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By Vicki Schmelzer
NEW YORK (MNI) - On-shore Chinese yuan CFETS close
23:30 local 23:30 local
time close time close 16:30 local time CFETS 16:30 local time CFETS
reference rate close Sept. reference rate close
Sept. 29 Sept. 28 29 Sept. 28
6.6528 6.6608 6.6470 6.6699
USDCNY closed at CNY6.6528, after trading in a CNY6.6394 to CNY6.6832 range
(Bloomberg levels). Friday's high was the highest level for the pair since
August 16, when USDCNY saw a high near CNY6.6971.
On June 27, dollar-yuan topped out at CNY 6.8442, before falling off
sharply as big Chinese banks sold dollars to prop up the yuan, purportedly at
the prompting of the People's Bank of China (PBOC).
Subsequently, USDCNY moved steadily lower, in line with an overall softer
U.S. dollar tone. The pair bottomed Sept. 8, 2017 near CNY6.4390, the lowest
since Dec. 11, 2015, when the pair troughed also at CNY6.4390.
Last year, USDCNY posted a high of CNY6.9648 Dec. 28, 2016, very close to
the CNY6.9649 high seen Dec. 16, 2016, which was the weakest yuan level since
May 21, 2008, when USDCNY topped out at CNY6.9743.
As a reminder, back on Jan. 12, 2016, the PBOC intervened heavily in order
to narrow the spread between the on-shore and off-shore yuan, which had widened
to over +1,400 pips in the first week in January as speculators entered into CNH
shorts on expectations of a higher USDCNY.
The PBOC was forced to intervene as one of the conditions of the yuan's
entry into the IMF's SDR basket was to close the gap.
In subsequent months in 2016, the CNH-CNY spread narrowed markedly,
reflecting overall improved risk appetite. The spread widened in response to the
June 23rd Brexit vote, but later narrowed again.
Beginning in December 2016, the CNH-CNY spread turned negative on several
occasions and the spread subsequently traded at extremely wide negative levels.
Analysts attributed the negative spreads, seen at times in 2017 to tighter
CNH funding conditions and positioning, not improved risk sentiment.
Friday's CNH-CNY closing spread (at 11:30 p.m. local time) was -64 pips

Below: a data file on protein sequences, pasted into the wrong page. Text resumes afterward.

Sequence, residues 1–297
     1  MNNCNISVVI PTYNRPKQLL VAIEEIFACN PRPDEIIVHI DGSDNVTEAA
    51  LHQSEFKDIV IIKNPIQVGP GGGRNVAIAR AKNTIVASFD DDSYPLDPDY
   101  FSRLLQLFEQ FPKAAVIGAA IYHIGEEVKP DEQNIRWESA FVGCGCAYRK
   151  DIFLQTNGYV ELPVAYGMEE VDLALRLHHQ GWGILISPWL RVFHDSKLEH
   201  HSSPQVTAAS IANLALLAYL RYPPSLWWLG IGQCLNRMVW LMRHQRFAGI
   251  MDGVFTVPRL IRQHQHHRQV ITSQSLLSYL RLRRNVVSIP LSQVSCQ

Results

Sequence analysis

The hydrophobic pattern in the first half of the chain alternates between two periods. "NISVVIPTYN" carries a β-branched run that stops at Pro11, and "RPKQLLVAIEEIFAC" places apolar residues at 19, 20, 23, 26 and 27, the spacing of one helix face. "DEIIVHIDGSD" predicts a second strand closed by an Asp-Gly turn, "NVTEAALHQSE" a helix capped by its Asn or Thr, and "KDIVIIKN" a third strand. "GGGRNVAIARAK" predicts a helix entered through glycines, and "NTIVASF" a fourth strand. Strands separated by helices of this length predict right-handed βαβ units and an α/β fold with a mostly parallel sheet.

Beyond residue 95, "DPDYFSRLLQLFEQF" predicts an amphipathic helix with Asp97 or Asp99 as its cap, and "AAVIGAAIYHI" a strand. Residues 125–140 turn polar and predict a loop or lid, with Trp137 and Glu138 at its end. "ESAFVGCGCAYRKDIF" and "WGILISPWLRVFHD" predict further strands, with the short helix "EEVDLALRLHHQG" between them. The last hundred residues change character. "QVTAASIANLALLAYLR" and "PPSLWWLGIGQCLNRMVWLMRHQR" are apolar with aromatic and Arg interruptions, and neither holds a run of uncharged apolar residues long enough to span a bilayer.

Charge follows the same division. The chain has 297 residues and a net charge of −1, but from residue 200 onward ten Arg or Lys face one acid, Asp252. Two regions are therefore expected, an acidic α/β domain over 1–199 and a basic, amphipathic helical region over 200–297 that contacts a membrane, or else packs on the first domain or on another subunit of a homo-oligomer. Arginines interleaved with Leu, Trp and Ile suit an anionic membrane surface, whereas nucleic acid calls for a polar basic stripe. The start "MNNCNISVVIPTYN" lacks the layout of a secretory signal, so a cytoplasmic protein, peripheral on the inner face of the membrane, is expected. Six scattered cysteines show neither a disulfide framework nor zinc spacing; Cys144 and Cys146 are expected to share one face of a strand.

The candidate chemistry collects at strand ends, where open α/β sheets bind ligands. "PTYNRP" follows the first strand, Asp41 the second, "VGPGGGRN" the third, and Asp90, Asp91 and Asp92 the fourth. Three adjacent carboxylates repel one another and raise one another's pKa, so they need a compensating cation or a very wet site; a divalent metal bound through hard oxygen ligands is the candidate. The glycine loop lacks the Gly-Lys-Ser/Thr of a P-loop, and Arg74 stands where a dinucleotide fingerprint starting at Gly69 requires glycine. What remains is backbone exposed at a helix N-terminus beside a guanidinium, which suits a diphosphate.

versus -40 pips Thursday and compared to the -607 pips seen May 31. The August 9
spread of +223 pips was the most positive spread since Dec. 12, 2016, when the
spread stood at +267 pips.
The Feb. 3, 2017 spread was -719 pips, which was the widest negative spread
since the -891 pip spread seen Jan. 5. On Dec. 19, 2016, the spread was -276
pips, which was the most negative spread of 2016.
On Nov. 23 and Nov. 25, 2016, the CNH-CNY spread widened to +287 pips. This
was the widest positive spread since Brexit in late June 2016, when on June 27,
the closing CNH-CNY spread of +396 pips was the widest, i.e. most risk averse,
since Feb. 3, 2016 when the spread was also +396 pips.
On Jan. 2, 2017, the off-shore yuan fell to a new life-time low versus the
dollar around CNH6.9895. Since then, overall the CNH has strengthened in line
with the CNY.
Dollar-yuan (offshore) was trading near CNH6.6475 Friday, after holding in
a CNH6.6385 to CNH6.6758 range. Thursday's high near CNH6.6788 was the highest
since August 21, when the pair topped out at CNH6.6884.
The USDCNH low of CNH6.4436, seen Sept. 8, was the lowest level since Dec.
7, 2015, when the pair bottomed at CNH6.4425.
Over four months ago, when U.S. Treasury yields and the dollar were flying
higher, USDCNH posted a high near CNH6.9177 May 9, the highest level since March
9, when the pair saw a high near CNH6.9319.
Earlier, the People's Bank of China set the yuan central parity fixing
versus the U.S. dollar at CNY6.6369 versus CNY6.6285 Thursday.
The Sept. 11 fixing of CNY6.4997 was the highest yuan fixing level since
May 12, 2016, when the parity rate was set at CNY6.4959. At the time, the PBOC
had set the fixing stronger for 11 straight trading days.
These levels compared to the CNY6.9526 fixing, seen Jan. 4, 2017, which was
the weakest yuan fixing level since May 21, 2008.
Friday's update will be the last "On-shore USDCNY Close" report. If you
have any questions or concerns, contact firstname.lastname@example.org
--MNI New York Bureau; tel: +1 212-669-6438; email: email@example.com